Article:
synonyms
  • definitions

cap

[ kap ]SEE DEFINITION OF cap
  • nounsmall hat
  • verboutdo a performance

Synonyms for cap

  • beret
  • DINK
  • beanie
  • bonnet
  • fez
  • pillbox
  • skullcap
  • tam
  • tam o'shanter
MOST RELEVANT
Roget's 21st Century Thesaurus, Third Edition Copyright © 2013 by the Philip Lief Group.

EXAMPLES FROM THE WEB FOR CAP

"I'll walk a bit with you," said his sister, donning her jacket and a cap.

"I'll come," said he, disappearing in search of cap and gloves.

I am afraid just now I am thinking more of the cap than of what it means.

When, at last, he rose and picked up his cap; it was nine o'clock.

To save her cap she had taken it off, and early streaks of silver showed in her hair.

"If I'd known you were coming I would have borrowed a cap," she said.

He had his Sunday clothes on, which was good; and his cap was also on his head.

Pushing his plate to one side, Stineli's father put his cap on his head.

You're getting dreadfully mannish in your appearance, daughter; it's that cap.

He is like a camera with the cap on—he never gets a new impression.

WORD ORIGIN

late Old English cæppe "hood, head-covering, cape," from Late Latin cappa "a cape, hooded cloak" (source of Spanish capa, Old North French cape, French chape), possibly a shortened from capitulare "headdress," from Latin caput "head" (see head (n.)).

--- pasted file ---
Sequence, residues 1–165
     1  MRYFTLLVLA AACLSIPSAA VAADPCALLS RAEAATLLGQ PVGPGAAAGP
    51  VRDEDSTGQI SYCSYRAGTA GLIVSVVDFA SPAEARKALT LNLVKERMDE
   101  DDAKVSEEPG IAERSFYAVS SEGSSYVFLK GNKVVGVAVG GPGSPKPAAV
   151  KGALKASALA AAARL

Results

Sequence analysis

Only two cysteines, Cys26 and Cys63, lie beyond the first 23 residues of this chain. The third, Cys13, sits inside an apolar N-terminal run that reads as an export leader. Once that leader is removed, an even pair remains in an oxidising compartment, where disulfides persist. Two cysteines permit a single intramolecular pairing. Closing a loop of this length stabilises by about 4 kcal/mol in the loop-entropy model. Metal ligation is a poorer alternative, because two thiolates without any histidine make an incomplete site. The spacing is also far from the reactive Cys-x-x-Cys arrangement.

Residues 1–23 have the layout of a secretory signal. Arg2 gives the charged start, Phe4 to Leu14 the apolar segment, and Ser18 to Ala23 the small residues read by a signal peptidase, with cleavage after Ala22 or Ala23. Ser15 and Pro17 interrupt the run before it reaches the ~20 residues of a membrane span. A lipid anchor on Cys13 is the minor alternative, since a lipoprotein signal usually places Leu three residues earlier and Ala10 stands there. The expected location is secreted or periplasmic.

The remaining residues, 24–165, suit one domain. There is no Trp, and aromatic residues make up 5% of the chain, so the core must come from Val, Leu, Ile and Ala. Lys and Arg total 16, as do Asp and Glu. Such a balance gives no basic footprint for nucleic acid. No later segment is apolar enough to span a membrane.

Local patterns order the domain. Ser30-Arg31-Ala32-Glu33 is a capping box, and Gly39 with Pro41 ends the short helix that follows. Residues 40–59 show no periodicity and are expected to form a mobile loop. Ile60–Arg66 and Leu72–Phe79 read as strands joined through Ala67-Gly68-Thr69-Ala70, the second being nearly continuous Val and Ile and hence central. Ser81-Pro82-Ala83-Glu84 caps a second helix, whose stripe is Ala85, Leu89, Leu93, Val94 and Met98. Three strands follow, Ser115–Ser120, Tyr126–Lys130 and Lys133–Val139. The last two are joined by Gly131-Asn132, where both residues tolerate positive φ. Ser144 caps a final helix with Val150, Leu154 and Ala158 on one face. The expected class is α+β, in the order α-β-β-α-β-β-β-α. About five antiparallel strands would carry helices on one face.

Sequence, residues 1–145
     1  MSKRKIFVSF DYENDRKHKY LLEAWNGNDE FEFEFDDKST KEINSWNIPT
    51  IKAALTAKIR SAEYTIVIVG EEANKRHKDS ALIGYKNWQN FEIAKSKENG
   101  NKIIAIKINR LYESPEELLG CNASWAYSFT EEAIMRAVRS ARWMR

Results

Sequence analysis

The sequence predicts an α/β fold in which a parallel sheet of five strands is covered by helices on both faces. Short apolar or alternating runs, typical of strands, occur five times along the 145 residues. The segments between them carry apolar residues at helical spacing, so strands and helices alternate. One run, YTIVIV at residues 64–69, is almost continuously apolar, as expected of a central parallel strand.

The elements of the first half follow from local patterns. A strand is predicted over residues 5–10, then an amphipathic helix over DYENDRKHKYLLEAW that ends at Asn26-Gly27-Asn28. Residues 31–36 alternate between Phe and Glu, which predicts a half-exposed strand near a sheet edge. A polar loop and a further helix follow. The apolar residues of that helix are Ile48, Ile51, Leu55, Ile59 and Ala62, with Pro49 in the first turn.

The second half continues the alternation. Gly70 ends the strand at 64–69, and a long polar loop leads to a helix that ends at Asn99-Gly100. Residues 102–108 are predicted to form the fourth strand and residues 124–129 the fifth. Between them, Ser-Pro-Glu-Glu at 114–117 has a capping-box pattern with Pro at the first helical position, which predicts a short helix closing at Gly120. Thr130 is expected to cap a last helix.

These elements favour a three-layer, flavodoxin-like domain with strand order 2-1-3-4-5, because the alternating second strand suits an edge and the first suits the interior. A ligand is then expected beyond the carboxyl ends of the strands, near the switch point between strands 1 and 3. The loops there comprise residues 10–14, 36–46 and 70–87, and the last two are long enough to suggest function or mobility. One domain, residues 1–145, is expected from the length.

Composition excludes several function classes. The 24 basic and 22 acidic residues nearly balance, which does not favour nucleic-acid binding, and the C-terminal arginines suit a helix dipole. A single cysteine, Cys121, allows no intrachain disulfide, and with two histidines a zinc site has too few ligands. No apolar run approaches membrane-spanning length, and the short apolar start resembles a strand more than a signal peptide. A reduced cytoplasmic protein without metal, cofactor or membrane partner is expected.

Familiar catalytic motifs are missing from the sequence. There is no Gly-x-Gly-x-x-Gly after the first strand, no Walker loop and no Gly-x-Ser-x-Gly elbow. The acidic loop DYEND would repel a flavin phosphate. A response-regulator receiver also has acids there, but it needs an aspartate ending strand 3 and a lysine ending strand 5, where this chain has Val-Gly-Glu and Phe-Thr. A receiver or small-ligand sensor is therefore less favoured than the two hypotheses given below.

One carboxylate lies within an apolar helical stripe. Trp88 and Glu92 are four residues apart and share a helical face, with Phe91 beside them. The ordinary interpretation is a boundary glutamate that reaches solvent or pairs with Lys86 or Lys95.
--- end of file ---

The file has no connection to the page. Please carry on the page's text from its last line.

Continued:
Meaning "women's head covering" is early 13c. in English; extended to men late 14c. Figurative thinking cap is from 1839 (considering cap is 1650s). Of cap-like coverings on the ends of anything (e.g. hub-cap) from mid-15c. Meaning "contraceptive device" is first recorded 1916. That of "cap-shaped piece of copper lined with gunpowder and used to ignite a firearm" is c.1826; extended to paper version used in toy pistols, 1872 (cap-pistol is from 1879).

The Late Latin word apparently originally meant "a woman's head-covering," but the sense was transferred to "hood of a cloak," then to "cloak" itself, though the various senses co-existed. Old English took in two forms of the Late Latin word, one meaning "head-covering," the other "ecclesiastical dress" (see cape (n.1)). In most Romance languages, a diminutive of Late Latin cappa has become the usual word for "head-covering" (e.g. French chapeau).

MORE RELATED WORDS FOR CAP

abuse

verbattack with words
Roget's 21st Century Thesaurus, Third Edition Copyright © 2013 by the Philip Lief Group.
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